Wednesday, December 30, 2009

Volume V, Issue X December 2009

Each year on Christmas Eve Day, we descend, locust-like, upon the local Dollar Store and let our kids roam freely so they can purchase gifts for each other. They are, indeed, like kids in a candy store with their pick of anything they want for the people they love the most. They buy surprisingly sensitive gifts, showing us just how aware they are of each others' likes, dislikes, and personalities. They collectively choose a gift for Eric and a gift for me, putting their cute noggins together in a private conference to decide what would be the perfect gift. HMMM. . . why did they choose this for their Dad this year?

Maybe it's because they know he's such a sucker for Marxist Literary Theory.

Most of our Christmas Traditions revolve around gluttony, so true to greedy form, we have an all-you-can eat buffet for Christmas Eve that always includes Babonne's Leek and Potato Soup, a cheese platter (French cheeses for us, cheese-sticks for them), crackers, fried shrimp, artichoke dip, a variety of sausages, and french bread. This year, the kids begged me to throw in some home-made mac n' cheese--you know, just in case we didn't have enough. . . urp. . . food. Holden graduated from the kiddie cheeses to Brie and discovered the wonder and awe and deliciousness of the "stink factor."

After the kids steadily shoveled in the grub for about fifteen minutes of silence (except for the occasional lip-smack and other sounds of dietary satisfaction), Ethan said, "I'm so full! But I just want to keep eating!" Holden nodded in agreement and said with resignation, "It's a curse, really."

During her toddler days, Eve ruled with a flower-petal fist, calmly demanding the respect and admiration of the household. Like Eve, Marie is a sort of tiny matriarch in waiting, but rather than opting for a peaceful political platform, she rules in a sort of joyous reign of toddler terror. She turns her volume to "eleven" on either end of her emotional spectrum, which has no middle, only ends. As I was soliciting sisterly service (sorry, let me wipe the spittle off of your monitor) today, Marie's shrieks made it almost impossible to maintain a conversant feel to my phone calls. "Hi, this is Sarah d'Ev. . . SHRIEK!!! MAMMA! MAMMA!. . . Sorry about the background noise. . . SHR-ee-ee-EEEK!!!" I kept offering my tempestuous little goddess treats to try and placate her fury. A bag of chips. Some carrot sticks. A glass of water. One by one my offerings were rejected and ended up as a soggy sacrificial mess on the kitchen floor. Her maniacal message was clear : she wanted me and only me with no phone in tow.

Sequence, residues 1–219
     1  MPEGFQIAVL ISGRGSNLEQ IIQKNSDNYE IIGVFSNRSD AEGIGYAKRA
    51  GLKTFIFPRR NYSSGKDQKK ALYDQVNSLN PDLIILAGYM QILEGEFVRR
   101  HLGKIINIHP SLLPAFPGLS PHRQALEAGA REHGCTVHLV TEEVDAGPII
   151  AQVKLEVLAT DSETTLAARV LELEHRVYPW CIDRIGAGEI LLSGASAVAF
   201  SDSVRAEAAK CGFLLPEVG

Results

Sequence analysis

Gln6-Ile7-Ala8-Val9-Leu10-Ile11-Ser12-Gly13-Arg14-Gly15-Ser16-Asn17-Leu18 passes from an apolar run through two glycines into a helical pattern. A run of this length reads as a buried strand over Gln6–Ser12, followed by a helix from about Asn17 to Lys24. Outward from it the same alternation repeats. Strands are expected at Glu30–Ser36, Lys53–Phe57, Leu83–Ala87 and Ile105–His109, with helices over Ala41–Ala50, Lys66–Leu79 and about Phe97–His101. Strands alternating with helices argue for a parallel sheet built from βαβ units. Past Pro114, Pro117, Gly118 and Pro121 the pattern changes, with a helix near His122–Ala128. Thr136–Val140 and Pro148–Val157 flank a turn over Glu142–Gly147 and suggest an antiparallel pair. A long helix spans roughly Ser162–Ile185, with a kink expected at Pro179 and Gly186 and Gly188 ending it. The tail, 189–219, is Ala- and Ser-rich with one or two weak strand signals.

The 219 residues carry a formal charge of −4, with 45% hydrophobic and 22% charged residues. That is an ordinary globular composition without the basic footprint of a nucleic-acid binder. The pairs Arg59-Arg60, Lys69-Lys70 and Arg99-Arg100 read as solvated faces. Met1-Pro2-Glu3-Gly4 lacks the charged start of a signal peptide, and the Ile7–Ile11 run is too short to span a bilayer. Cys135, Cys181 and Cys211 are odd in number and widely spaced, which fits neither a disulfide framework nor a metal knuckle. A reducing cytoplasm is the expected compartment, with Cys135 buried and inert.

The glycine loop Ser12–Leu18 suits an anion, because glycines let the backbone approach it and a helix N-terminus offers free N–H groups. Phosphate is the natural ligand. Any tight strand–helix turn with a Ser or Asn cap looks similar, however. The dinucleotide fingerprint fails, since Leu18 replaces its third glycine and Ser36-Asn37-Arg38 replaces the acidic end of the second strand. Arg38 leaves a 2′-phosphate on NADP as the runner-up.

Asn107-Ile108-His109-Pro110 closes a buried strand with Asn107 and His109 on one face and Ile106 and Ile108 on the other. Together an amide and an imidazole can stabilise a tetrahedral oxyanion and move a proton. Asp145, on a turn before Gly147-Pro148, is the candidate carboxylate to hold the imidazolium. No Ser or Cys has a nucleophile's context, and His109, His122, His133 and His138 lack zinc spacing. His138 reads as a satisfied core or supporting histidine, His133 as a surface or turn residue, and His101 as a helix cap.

Not that she needs words to make herself understood when she's got the language of volume on her side, but Marie's vocabulary increased by two significant phrases over the holidays. She can now say, "Mine," which she used on Christmas morning to mark her territory as she surveyed the loot around her. (It actually sounds more like "M-IIIIIII-NE!!!!" and is accompanied by frantic, red-faced tugging and ear-splitting screams.) Fortunately, her second new phrase is "Thank you" (which sounds more like "Tae tee!), and is cute enough to offset the narcissism of the first phrase. Seriously, we'll give her anything she claims is hers just to hear her bestow a heart-splitting, grinning "Tae tee" on us!

One of my favorite lines from "Steel Magnolias" (DO NOT watch it if you're pregnant. You'll cry so hard you'll go into labor) is "Nobody ever cries alone in my presence." My hyperactive tear-ducts faithfully follow this mantra. Marie's mantra is similar, but changes the verb and becomes, "Nobody ever eats alone in my presence." It doesn't matter how painfully healthy the meal is either. She'll gobble down cookies to be sure. But she'll also eat zucchini, broccoli, peas and even canned green beans (Can you tell I've tried to stave her off with greens? It just doesn't work, I tell you!). She positions herself in the exact middle of my lap and then leans her fluffy little feather head in to my food as if it were telling her a secret. I try and sneak in a few bites for myself, but I end up spilling more food on the front of my shirt than usual. . . and as a Hafen Girl who is genetically programmed to have stains on the front of all of her shirts that's saying something!

So, now you're wondering why I don't just nip this in the proverbial bud, aren't you? You're thinking that I'm allowing her to manipulate me. You're right.

But I really don't think she's going to be climbing on my lap to share my food when she's eighteen.

This is a fleeting moment of tender closeness that simultaneously aggravates and tickles me. I find myself giggling at every splash of tomato sauce that graces my clothes. Her keen, curious interest in the event of eating and in me allows it to continue. And when next week or next month she finishes a meal without me, at least I'll still have the marks left on my shirt to remind me of the soft feel of her cheek next to mine and the fat, sticky fingers on my hand, helping to guide my food into her mouth. I'm going to feed her (and me) while I still can.

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